Adams Papers

From John Adams to Ward Nicholas Boylston, 3 November 1819

Montezillo November 3d—1819

Dear Boylston

I think it is Voltaire who some where says, the life of a Man of Letters ought to appear only in his writings, without any pretentions to the Character of a Man of letters—it has been my destiney to scribble a great deal—always in great haste, never revising or correcting any-thing—You desire a list of my publications—and I have given you incouragement to expect it—but I shall be accused of promising more than I shall be able to perform—I could wish however, that I could recollect every trifle that I ever pened, because I am <constitution> conscious that I never commited a sentence to paper, but from a sincere desire to promote the public good—

The little things that I should most wish should be collected together, are first the Instructions of the Town of Braintree to Ebenezer Thayer Esqr, their Representative in the General Court in the year 1765.—

Secondly the Instructions to the Town of Boston, to their Representatives in the General Court in the year 1773.—and 1774. These three Instructions were accepted by those Towns without alteration or Amendment,—The Instructions from the Town of Braintree were printed in the Massachusetts Gazette—these from the Town of Boston, in the Boston Gazette.—

Thirdly, four papers printed in the Boston Gazette, in 1765, printed in the Boston Gazette in the Mongths of July and August without any signature, but reprinted in London under the bastard title of []a dissertation on the Common and Feudal Laws,”—

Article fourth, eight letters to General Brattle published in the Boston Gazette, in 1773, upon the Independence of the Judges, or rather upon the actual dependency’s of the Judges and the absolute necessity of their Independence in the Government of a free people.— There were many other flickerings in the newspapers between Mr Sewall and me—the precise dates of which I cannot recollect—Sewall wrote under the Signature of Philanthropos sometimes, and at other times, under the signature of a long J, and I wrote under that of great U, and perhaps other signatures that I do not remember—all these triffles of mine were printed in the Boston Gazette—there were several papers written by me on occasion of the Assault of Colel. Murray, or Morrow, upon Genrll Brattle, on the Council Stairs of the Old Town House.—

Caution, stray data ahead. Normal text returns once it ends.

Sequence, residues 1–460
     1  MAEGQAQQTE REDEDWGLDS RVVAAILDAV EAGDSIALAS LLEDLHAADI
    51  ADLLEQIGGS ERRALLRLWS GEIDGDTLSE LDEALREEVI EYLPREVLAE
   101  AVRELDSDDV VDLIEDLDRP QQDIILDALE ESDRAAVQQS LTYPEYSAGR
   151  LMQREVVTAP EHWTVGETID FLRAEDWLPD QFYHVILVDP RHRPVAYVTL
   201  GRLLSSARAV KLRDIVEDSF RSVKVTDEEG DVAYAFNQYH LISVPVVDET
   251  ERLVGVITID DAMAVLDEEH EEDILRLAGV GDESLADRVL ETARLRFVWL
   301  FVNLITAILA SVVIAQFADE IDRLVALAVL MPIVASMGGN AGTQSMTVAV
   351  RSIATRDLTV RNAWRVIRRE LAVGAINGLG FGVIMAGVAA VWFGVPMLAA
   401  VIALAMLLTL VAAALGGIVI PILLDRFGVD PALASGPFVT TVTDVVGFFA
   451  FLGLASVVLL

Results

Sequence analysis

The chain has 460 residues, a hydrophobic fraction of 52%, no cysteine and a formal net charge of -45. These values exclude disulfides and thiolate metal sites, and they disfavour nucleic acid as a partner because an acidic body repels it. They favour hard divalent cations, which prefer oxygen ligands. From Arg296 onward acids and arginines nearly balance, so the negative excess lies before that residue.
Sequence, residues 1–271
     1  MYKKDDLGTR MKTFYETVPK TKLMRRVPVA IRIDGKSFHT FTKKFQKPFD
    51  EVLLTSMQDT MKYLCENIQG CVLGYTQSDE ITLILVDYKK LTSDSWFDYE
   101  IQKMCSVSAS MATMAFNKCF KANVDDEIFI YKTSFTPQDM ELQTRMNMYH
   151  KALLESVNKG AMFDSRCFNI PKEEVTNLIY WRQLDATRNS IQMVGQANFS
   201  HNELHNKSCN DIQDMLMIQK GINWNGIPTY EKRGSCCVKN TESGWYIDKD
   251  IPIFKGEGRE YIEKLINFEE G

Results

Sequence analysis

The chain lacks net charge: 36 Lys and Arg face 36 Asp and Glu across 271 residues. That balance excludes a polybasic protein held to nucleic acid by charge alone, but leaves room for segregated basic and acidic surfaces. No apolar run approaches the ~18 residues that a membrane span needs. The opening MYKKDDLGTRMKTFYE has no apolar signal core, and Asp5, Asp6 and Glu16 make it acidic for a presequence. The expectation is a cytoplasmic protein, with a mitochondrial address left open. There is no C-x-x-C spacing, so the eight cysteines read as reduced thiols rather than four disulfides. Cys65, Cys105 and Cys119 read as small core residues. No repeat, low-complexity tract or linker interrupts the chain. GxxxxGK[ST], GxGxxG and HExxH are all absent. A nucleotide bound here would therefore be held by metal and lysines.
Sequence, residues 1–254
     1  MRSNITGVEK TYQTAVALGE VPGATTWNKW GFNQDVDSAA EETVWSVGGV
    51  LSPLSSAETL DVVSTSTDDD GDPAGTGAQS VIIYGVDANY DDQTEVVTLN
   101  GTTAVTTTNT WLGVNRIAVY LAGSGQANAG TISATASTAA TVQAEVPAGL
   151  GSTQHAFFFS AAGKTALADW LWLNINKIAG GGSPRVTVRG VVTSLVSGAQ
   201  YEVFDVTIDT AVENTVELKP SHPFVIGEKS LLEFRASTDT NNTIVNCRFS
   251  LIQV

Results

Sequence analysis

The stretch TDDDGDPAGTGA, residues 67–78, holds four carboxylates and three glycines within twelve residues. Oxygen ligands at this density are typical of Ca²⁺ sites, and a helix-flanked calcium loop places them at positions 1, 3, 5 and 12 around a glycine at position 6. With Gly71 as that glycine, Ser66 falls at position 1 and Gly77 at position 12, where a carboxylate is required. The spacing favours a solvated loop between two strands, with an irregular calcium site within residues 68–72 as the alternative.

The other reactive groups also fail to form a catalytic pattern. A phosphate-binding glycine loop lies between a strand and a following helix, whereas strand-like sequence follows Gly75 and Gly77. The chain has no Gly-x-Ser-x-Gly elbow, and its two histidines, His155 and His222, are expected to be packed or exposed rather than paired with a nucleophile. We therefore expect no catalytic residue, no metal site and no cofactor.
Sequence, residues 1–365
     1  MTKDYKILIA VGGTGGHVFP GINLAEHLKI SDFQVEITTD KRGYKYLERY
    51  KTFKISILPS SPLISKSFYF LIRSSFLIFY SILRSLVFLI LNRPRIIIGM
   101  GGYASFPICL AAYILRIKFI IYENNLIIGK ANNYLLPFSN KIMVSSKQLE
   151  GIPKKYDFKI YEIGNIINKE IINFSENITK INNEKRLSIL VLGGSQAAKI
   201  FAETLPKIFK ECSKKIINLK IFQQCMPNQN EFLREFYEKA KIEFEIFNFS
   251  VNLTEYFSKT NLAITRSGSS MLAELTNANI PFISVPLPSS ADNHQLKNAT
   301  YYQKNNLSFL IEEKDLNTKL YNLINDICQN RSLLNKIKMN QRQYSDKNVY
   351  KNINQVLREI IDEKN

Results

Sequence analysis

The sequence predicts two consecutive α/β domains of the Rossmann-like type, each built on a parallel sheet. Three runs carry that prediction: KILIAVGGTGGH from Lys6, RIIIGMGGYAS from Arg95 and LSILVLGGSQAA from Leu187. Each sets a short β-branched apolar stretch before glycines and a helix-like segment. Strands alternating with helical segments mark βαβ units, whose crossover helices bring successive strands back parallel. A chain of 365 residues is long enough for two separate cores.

The letters of Mr Kalkoon, the Discourse on Davila the Novanglus and the Defence of the Constitutions, you know as well as I do—I mention these things—and I would mention all others, If I could recollect them—to show that although sometimes, much boldness of expression escaped me—yet no scurrility ever flowed <from my> into print from the pen of your Cousin—

I have been importuned by many persons both Europeans and Americans to write my own life—but if I could prevail upon myself to travel over such a series of Egotism—it is now become as impossible as to cast the Blue Hills on our Mountain Waychusetts into the Sea—

Your affectionate Cousin—

J. A—

P.S. I had forgotten to mention a series of letters, to the Patriot which fills several columns of his papers, from 1819. to 1812. which if collected together in Volumes, would make as many as the Life of Washington by Chief Justice Marshall—Voltaire boasted that he made four Presses groan for Sixty Years—But I have to repent that I made the Patriot Groan for three years—because I now think I was very Idly employed in vindicating my Conduct under my Commissions for Peace and Commerce—against the Charges and Insinuations of Conceited Blockheads—

John Adams

MHi: Adams Papers.

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